My final project has been completed. I use OpenCV to track the ball by first applying a binary mask of the color of the target. Then, I enclose the biggest blob with a circle and find the center. If the center is to the left of the screen, the robot will turn to the left. If it is on the right, the robot will turn to the right. If the ball disappears from the camera’s field of vision, it will turn in the last detected direction.
My third milestone was getting OpenCV to track a ball. The problem turned out to be with the test code that was out of date. Also, the original camera module was damaged. Once that was replaced, it worked great. All I have to do next is to out together all the parts of my project.
My second milestone was getting the ultrasonic sensors to return input. Each sensor has 4 pins. 2 for power (+/-) , one for the trigger, and one for the ultrasonic echo. You can then find the time in between the trigger and echo to see how far away an object is.
For my next milestones, I need to make the ultrasonic sensors work and get OpenCV/Pi Camera to work.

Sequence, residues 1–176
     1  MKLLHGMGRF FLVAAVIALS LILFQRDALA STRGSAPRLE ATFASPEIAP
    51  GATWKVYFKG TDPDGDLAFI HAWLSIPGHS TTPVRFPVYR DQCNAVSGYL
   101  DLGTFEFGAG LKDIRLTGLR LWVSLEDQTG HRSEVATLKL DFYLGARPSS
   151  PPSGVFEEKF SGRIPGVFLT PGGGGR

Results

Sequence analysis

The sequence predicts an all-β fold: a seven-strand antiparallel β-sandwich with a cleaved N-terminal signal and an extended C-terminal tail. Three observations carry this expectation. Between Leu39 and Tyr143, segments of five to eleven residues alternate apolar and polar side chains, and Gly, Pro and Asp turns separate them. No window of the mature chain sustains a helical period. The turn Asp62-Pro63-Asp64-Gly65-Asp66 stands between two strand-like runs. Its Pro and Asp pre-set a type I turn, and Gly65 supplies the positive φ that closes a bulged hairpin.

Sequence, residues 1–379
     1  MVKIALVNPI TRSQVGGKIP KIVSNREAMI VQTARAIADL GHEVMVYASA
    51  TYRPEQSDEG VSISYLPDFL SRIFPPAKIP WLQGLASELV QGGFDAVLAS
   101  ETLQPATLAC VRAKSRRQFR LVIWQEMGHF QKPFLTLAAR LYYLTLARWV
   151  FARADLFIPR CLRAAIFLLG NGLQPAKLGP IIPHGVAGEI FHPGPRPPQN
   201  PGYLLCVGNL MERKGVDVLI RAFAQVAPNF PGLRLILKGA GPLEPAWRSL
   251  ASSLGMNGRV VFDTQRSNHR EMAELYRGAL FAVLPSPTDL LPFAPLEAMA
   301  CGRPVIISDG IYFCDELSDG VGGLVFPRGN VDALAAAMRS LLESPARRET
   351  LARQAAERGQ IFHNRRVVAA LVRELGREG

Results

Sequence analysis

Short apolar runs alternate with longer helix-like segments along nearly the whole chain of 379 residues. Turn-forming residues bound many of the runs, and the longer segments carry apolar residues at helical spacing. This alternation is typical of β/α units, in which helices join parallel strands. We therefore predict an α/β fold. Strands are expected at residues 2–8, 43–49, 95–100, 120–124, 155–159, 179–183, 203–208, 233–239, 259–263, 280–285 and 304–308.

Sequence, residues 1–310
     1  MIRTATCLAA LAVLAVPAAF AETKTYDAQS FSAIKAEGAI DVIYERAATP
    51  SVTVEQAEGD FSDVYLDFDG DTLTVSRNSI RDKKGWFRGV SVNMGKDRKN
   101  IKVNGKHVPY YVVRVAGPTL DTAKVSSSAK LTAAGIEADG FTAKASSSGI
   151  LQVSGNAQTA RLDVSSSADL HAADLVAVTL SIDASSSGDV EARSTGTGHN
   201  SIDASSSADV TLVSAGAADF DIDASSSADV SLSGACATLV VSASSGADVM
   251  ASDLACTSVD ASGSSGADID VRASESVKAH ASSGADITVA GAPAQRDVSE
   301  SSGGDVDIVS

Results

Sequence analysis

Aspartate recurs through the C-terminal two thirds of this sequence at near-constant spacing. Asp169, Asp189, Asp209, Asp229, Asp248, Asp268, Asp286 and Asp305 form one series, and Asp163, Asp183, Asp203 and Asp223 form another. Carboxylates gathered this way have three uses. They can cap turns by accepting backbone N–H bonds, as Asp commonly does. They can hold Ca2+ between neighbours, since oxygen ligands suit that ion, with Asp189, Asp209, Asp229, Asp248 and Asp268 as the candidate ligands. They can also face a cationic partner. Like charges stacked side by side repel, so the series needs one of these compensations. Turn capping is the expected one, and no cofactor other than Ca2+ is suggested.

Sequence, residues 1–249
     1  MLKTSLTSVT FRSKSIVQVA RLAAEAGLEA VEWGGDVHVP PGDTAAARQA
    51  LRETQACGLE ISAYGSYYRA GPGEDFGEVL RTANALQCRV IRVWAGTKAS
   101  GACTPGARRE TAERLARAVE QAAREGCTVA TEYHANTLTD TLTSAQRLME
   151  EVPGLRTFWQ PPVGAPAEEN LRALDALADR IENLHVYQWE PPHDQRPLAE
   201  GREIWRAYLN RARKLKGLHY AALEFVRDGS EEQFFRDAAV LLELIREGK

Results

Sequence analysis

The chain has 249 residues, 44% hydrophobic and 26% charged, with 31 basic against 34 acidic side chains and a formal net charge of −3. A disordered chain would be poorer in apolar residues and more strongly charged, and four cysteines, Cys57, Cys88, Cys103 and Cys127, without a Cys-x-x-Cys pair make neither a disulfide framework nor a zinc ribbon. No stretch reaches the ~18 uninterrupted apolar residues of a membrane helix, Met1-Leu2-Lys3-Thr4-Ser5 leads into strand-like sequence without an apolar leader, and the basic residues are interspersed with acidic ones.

For my first milestone, I successfully controlled the motors with a H-bridge and Raspberry Pi. The H-bridge works by taking 3 inputs per motor from the raspberry pi. The first one controls speed, and the second and third control direction. For power, I needed a DC supplier because the H-bridge required ~15 V.
For my starter project, I made the Theremin. A Theremin is an electronic instrument that creates sound based on the distance from the wire to the player’s hands. When you put your hand near the Theremin, it completes an inductance-capacitance circuit. The closer your hand is to the wire, the higher the frequency of oscillations are, and the higher the pitch of the note is. In the making of this project, I learned about all of the electronic parts. For example, I learned what a resistor, capacitor, switch, timer, piezo, and diode was and how they work. I had lots of fun soldering and assembling the parts.